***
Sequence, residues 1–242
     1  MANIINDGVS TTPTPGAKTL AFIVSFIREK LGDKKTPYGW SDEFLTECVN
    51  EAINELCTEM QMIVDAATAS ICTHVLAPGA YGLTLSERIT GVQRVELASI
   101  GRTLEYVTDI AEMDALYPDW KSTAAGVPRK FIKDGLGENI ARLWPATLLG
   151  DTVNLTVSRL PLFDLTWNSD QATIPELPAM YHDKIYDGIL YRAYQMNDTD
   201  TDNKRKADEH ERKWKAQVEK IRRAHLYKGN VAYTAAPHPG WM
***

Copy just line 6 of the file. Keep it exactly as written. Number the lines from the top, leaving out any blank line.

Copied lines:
   201  TDNKRKADEH ERKWKAQVEK IRRAHLYKGN VAYTAAPHPG WM